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Zimbabwe MPs Take HIV Tests to Fight Stigma


FILE - Zimbabwean parliament in Harare, March 4, 2009.

FILE - Zimbabwean parliament in Harare, March 4, 2009.

HARARE - An informal group known as Zimbabwe Parliamentarians Against HIV and AIDS is taking steps to break down the stigma about the disease. More than 60 lawmakers went for a voluntary HIV test Thursday. On Friday, some male members of parliament are expected to be circumcised as the country intensifies efforts to combat HIV and AIDS.

In what might be a response to a call by President Robert Mugabe for politicians to reveal their HIV status, some MPs submitted to the voluntary HIV tests.

United States Ambassador to Zimbabwe, Charles A. Ray, right, takes an HIV test in Harare, December 1, 2010.

United States Ambassador to Zimbabwe, Charles A. Ray, right, takes an HIV test in Harare, December 1, 2010.

Mugabe recently said that revealing HIV status will help stop the spread of the pandemic and fight the stigma associated with the virus that causes AIDS.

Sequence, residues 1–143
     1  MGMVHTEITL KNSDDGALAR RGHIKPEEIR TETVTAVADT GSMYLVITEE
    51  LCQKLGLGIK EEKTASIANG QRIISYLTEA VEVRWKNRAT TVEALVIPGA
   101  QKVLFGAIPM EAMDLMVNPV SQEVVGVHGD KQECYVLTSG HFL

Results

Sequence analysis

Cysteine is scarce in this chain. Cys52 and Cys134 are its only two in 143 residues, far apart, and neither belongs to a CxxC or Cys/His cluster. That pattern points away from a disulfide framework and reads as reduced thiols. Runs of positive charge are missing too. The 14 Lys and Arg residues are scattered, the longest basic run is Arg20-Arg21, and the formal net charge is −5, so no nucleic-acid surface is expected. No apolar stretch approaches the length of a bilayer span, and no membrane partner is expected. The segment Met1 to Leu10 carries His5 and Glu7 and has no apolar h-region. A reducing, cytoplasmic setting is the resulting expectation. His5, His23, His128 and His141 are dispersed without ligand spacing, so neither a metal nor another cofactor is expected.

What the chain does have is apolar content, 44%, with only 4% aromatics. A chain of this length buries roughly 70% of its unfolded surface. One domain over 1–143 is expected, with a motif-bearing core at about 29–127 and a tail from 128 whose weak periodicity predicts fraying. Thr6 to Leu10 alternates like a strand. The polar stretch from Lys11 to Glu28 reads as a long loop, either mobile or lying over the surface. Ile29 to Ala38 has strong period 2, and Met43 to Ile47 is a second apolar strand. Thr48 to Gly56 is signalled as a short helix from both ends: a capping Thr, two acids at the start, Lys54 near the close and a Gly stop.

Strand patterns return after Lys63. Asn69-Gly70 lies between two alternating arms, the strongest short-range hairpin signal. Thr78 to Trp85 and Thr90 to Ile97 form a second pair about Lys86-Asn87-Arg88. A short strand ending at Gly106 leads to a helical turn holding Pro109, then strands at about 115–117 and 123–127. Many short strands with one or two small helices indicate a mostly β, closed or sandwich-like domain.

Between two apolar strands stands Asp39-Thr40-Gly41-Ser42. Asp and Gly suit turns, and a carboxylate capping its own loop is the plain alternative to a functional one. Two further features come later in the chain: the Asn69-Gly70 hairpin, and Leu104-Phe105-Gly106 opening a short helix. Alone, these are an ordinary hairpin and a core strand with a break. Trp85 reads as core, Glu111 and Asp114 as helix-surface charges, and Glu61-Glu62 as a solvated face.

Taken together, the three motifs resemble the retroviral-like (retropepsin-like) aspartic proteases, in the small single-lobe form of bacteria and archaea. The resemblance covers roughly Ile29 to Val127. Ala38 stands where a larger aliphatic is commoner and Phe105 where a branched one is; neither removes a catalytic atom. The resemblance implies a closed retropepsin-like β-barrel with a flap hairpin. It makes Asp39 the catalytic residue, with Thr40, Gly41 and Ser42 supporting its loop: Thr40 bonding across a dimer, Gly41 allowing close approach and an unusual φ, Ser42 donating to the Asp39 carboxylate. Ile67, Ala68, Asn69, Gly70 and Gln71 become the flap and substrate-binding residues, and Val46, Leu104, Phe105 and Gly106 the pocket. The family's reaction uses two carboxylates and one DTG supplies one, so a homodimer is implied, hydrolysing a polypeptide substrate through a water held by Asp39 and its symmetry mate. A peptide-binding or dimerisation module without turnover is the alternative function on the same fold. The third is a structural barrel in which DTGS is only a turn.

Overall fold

Zimbabwe’s parliament was turned into an HIV testing center. Parliament Member Sarah Mahoka tested negative and did not mind revealing her status to the media.

“I went for testing because I want people in my constituency to follow suit and know their status and get treatment [if they are HIV-positive so they do not die or spread the virus," said Mahoka. "Men, especially in high offices, need education. They spread HIV to our young girls knowing their status.”

Mahoka, a member of Mugabe’s ZANU-PF party, did not specify which men in high offices she was referring to. In March of this year, Mugabe said he was worried his colleagues in ZANU-PF and the cabinet were dying of HIV-related illnesses.

Speaker of Parliament Lovemore Moyo was among MPs who were tested for HIV. He said parliament took Mugabe’s calls seriously, but expects other branches of the government to do the same.

“What we are doing here were not dramatizing anything," said Moyo. "It is a clear demonstration that this institution is walking the talk. All what is left is to see our counterparts in the executive, judiciary also taking a leaf from what this institution [has done]. It is our desire that Zimbabweans will learn from this exercise.”

Some male parliament members will be circumcised Friday. Researchers say male circumcision reduces the chance of spreading HIV by about 60 percent.

United Nations figures say HIV prevalence in Zimbabwe declined sharply in the past decade, from about 29 percent to just about 13 percent in 2009. But the United Nations says about 1.2 million Zimbabweans were living with HIV as of 2009.
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